A couple of issues ago, I was rambling on about little jobs turning into real big ones without too much provocation. You may remember that a simple H4 globe replacement in the MBC parts chaser turned into an hour-plus marathon when everything that could go wrong, came over all Murphy on me, and did.

So I really am relieved to discover that even the experts can turn a simple job into a much bigger one without trying too hard. I got a message from Aussie rally legend, Bob Watson, who was reminded of the time he went to change the gearbox oil in his wife’s Mitsubishi Colt (the old-school model with the 1100cc engine and giant-killing rally smarts).

I’ll let Bob tell the story: "I decided to do a minor service on it (the Colt). Changed the engine oil, etc and went to check the gearbox oil level. I found a bolt on the side of the gearbox that looked like where you would put oil in, so I undid it. And all of the selector levers fell down into the bottom of the gearbox. I had to take the car to Matt Philip who was rallying a Colt at the time to have the gearbox reassembled. A little knowledge is a dangerous thing!"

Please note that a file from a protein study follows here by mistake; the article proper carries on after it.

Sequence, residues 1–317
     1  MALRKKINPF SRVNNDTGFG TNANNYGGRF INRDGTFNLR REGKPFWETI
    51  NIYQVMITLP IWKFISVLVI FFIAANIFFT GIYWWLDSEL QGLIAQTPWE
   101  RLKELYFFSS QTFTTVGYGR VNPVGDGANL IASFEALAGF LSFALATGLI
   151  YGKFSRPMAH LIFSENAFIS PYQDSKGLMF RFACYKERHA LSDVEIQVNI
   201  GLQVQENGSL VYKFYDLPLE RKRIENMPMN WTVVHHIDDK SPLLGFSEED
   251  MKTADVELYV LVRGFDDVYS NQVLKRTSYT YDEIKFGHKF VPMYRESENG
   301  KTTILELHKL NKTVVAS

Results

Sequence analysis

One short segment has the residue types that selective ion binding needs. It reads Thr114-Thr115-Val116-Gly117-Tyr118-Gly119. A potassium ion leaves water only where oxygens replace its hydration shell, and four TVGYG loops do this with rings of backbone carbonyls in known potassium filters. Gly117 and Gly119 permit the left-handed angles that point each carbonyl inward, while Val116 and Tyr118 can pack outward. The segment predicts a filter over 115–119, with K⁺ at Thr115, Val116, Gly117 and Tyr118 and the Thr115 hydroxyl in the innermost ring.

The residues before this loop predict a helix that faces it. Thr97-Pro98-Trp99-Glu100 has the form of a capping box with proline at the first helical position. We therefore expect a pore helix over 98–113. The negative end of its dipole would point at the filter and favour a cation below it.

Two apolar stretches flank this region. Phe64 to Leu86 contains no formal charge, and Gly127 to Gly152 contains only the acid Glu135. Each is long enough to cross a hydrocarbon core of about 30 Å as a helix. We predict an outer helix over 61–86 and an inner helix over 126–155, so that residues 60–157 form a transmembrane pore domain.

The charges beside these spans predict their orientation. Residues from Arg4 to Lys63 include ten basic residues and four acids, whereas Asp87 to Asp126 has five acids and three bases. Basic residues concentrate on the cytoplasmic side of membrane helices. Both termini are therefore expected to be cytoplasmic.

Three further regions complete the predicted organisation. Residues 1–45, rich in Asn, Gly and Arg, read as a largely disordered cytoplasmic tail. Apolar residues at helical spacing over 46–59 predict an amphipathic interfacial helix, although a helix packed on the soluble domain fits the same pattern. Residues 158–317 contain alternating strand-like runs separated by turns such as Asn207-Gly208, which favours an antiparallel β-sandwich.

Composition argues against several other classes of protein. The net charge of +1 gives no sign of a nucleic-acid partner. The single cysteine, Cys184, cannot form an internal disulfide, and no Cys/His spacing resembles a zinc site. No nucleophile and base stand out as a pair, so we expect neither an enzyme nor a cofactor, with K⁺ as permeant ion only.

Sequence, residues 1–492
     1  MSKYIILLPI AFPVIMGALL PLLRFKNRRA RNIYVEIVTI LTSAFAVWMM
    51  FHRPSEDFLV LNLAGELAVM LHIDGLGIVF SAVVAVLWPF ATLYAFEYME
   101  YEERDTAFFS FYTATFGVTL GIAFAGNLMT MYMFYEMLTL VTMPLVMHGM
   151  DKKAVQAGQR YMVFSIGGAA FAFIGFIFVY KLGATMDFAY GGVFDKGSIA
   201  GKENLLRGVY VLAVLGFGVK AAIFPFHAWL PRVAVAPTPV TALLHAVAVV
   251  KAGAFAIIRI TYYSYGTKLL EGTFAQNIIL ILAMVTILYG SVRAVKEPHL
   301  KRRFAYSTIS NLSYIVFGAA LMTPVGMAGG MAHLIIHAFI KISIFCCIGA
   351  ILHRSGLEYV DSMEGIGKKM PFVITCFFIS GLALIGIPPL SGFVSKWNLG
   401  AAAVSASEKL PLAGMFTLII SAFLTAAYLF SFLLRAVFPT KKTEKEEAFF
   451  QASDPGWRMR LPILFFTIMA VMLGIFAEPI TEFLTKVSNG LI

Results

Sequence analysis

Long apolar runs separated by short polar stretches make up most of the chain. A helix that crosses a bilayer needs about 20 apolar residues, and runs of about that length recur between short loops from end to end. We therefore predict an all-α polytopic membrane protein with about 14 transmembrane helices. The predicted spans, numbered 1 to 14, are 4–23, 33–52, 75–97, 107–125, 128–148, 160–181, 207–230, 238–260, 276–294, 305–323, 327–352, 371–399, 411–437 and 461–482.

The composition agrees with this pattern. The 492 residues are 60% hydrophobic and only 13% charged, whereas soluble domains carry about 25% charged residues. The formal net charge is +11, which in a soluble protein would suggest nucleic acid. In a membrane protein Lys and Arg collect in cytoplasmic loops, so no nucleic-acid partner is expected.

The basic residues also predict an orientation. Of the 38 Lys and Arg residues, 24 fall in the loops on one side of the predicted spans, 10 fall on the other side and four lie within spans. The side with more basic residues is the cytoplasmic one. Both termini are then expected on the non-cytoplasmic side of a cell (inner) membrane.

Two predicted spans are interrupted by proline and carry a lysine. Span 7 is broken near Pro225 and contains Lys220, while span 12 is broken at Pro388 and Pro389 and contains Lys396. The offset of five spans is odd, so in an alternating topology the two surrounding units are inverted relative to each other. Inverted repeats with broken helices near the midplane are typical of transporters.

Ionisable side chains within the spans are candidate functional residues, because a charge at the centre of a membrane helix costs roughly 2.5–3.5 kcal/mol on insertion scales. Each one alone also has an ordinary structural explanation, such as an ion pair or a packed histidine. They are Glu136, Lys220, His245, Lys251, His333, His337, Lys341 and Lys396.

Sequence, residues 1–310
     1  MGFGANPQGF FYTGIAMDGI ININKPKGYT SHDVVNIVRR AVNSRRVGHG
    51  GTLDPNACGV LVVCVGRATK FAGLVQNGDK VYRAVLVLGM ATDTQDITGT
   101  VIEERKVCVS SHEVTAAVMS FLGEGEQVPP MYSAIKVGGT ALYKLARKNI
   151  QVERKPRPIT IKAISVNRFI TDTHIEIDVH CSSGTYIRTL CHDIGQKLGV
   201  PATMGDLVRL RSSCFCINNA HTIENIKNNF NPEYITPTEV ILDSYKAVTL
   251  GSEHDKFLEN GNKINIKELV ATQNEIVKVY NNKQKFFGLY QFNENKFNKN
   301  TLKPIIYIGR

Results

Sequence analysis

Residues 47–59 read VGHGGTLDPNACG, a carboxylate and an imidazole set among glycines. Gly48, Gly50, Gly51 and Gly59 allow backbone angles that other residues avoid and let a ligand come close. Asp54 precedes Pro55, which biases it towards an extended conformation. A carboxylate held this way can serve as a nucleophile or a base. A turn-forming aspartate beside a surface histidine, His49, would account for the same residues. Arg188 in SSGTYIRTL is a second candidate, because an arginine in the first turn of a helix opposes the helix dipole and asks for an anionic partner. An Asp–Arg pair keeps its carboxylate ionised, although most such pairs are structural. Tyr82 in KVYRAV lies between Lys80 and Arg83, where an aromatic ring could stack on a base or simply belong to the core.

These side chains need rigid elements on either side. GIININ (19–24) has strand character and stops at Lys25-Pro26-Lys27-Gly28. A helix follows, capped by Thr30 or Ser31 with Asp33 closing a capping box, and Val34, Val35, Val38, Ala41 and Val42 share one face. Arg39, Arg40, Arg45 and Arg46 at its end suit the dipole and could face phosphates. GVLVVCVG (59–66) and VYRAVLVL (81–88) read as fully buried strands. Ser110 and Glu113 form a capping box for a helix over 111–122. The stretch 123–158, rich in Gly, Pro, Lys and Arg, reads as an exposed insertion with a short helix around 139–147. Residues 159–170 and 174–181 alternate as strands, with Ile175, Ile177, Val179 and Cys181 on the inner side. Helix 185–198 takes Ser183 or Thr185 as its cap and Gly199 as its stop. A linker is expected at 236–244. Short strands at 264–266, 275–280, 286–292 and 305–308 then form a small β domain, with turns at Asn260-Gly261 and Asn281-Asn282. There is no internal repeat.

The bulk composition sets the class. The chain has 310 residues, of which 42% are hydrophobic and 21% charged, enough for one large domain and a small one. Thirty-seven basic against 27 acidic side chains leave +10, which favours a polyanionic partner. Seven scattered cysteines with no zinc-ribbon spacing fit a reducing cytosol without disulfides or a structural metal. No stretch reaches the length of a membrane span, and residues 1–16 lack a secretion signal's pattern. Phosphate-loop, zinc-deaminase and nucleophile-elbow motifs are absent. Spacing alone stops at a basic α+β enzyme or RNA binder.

Thanks for getting in touch Bob. It’s nice to hear from you and nice to know I’m in good company.

Seen the action flick Con Air? If you haven’t, I can tell you, without fear of contradiction, that it is one of the stupidest films ever made. The characters are all cartoons, the script is a collection of every cultural and mental-illness stereotype and cliché, and the plot is just loopy. Writing a `help’ message on a dead body and throwing it from a plane is not the lairiest twist in this mutha. The final scene on the Las Vegas strip where the plane…Oh, hang on, I won’t spoil it for you. Anyway, take it from me, this film will have you spraying your popcorn all over the Jason recliner.

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A fave Dave flick. Really